In light of that, I started by picking up some great models from InfinityPBR.  Andrew, the awesome dude behind iPBR (as I reference it for myself) includes some great PBR materials as SBSAR files (and recently SBS files) that really helped me delve into how materials work and what was meant by all of the components: normal, roughness, metallic, height (or specular and glossiness depending on your preferred workflow); metallic/roughness versus specular/glossiness; and a bit about what all of those components can do.

But this wasn’t enough customization for me.  As I’ve mentioned before I started using Archimatix to design some architectural models (which is still something I’m getting a handle on, simply due to the sheer variability of AX and its nodes).  As I worked through some (very simple) wall models and such, I realized that I also wanted more control over the materials themselves.  iPBR offers an INCREDIBLE amount of customization, but I’m just a pain in my own arse that way.  So the next step was…  Substance Designer.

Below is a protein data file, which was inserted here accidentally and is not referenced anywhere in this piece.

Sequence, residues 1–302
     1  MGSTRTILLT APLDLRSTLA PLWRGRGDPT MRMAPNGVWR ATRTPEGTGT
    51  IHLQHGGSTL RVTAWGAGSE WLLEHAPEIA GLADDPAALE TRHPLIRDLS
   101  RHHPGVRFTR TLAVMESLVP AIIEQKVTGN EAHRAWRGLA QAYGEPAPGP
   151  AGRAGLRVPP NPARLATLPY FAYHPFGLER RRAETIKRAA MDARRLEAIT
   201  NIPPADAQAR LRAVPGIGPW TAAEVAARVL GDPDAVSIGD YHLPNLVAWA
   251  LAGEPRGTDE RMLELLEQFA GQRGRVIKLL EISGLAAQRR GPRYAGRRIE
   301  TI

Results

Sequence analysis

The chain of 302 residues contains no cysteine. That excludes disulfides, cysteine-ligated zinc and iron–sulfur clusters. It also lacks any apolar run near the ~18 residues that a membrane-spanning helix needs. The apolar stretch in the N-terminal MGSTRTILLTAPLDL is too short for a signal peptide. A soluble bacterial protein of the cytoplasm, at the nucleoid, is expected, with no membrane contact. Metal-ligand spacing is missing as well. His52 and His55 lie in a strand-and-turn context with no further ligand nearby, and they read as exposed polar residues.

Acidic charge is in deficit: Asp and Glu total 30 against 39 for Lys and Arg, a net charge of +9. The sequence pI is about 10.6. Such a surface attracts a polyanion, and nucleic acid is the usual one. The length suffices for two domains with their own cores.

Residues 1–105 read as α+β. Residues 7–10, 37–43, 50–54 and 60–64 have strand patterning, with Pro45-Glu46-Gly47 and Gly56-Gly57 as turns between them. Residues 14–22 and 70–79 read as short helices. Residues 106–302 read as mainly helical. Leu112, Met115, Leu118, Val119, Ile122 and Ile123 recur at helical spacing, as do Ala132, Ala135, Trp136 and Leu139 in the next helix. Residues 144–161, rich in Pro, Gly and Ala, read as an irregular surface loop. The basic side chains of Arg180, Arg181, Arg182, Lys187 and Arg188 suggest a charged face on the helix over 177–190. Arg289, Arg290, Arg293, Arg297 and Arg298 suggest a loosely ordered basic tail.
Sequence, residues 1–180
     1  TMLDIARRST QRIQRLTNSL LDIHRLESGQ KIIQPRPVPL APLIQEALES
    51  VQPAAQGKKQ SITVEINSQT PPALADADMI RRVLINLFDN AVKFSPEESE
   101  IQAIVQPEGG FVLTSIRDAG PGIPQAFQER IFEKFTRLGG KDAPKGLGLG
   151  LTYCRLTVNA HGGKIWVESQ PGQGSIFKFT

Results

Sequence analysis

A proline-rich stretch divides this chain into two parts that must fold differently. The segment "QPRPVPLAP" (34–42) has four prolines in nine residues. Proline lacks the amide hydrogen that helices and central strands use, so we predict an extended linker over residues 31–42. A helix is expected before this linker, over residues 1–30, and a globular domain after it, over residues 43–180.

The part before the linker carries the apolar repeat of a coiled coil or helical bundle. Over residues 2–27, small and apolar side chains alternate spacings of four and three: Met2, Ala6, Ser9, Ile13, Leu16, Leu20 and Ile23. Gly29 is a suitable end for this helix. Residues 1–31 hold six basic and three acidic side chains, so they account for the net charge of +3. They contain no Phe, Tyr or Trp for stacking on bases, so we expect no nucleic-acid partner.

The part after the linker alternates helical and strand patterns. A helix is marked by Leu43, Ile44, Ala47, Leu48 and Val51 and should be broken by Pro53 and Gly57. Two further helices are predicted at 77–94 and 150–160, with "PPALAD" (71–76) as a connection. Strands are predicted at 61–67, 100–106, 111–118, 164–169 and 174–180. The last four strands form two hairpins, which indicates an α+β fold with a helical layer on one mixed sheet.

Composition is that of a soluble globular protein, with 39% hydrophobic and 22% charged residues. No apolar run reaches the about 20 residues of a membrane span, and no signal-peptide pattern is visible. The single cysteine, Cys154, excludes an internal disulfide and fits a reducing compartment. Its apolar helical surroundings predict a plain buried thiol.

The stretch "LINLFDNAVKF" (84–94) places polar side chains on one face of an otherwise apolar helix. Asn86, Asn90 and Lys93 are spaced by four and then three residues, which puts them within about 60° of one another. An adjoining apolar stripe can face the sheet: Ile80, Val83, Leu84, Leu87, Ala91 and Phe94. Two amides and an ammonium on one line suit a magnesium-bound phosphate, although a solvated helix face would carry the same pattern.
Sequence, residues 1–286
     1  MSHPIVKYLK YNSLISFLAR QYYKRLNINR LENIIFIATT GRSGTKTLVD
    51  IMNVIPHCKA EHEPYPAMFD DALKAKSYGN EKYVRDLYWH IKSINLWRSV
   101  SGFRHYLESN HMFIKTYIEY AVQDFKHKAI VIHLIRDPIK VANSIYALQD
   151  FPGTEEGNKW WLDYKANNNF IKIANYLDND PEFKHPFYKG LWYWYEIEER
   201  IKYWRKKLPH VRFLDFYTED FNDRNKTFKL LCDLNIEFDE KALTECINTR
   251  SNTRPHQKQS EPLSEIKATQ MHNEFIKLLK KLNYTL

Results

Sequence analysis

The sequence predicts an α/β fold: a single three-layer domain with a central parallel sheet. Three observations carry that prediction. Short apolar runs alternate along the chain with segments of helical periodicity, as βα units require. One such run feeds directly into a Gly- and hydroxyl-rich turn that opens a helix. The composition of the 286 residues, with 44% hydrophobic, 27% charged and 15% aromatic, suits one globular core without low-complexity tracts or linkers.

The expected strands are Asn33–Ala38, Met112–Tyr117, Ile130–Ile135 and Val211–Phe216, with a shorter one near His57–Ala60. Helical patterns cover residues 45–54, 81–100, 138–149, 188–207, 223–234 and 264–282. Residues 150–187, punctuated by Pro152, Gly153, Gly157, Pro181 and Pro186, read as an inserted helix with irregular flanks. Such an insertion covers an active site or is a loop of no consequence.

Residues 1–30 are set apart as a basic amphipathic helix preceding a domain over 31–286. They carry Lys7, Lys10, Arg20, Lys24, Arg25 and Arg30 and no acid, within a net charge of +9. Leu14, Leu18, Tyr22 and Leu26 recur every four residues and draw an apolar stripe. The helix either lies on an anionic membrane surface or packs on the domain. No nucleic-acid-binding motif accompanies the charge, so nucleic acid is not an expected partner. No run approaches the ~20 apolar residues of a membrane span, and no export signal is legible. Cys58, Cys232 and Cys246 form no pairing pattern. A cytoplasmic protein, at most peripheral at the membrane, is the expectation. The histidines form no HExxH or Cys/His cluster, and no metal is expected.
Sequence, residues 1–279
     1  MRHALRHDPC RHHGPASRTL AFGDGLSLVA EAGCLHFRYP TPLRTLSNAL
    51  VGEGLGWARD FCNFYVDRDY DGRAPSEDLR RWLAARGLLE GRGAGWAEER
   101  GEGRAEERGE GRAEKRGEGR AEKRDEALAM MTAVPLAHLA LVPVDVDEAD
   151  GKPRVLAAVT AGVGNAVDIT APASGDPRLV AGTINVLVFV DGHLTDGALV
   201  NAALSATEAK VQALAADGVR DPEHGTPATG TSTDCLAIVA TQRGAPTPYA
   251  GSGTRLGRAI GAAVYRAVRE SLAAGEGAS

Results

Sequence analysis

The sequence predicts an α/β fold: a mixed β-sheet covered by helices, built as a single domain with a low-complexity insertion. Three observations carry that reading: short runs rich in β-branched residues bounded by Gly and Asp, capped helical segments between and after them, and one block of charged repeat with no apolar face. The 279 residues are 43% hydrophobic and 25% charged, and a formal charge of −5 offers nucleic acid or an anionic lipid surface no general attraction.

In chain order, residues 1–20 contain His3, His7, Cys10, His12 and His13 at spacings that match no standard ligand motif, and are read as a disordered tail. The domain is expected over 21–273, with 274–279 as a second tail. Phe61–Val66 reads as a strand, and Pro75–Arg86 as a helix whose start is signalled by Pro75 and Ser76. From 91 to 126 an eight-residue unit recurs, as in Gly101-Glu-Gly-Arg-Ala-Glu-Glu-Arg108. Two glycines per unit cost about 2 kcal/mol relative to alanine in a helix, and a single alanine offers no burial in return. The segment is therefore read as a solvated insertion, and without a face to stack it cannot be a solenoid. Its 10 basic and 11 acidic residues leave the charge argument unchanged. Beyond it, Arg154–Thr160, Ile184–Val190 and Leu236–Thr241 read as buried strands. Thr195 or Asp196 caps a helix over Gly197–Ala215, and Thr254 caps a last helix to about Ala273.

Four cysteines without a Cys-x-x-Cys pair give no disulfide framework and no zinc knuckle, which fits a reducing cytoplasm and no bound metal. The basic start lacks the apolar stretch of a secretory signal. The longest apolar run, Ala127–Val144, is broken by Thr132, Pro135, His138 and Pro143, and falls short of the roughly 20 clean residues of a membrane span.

For those new to the art game, Substance Designer is an amazing software package that lets you node-author your own materials and export SBSAR files that can be used to procedurally create materials in Unity (and I believe Unreal Engine).

The beauty of the node-driven design is that, while artist-type folk seem to settle into it easily enough, we logic-driven code monkey types can also create some really stunning work since everything can be reduced to parameters and inputs and outputs.  But before you can do any of this, you need to grasp some of the basics.  I’m not high-speed enough yet to really offer a tutorial, but I can share the wealth of tutorial love that I’ve been using.  So, let’s start with normal maps.

Normal Maps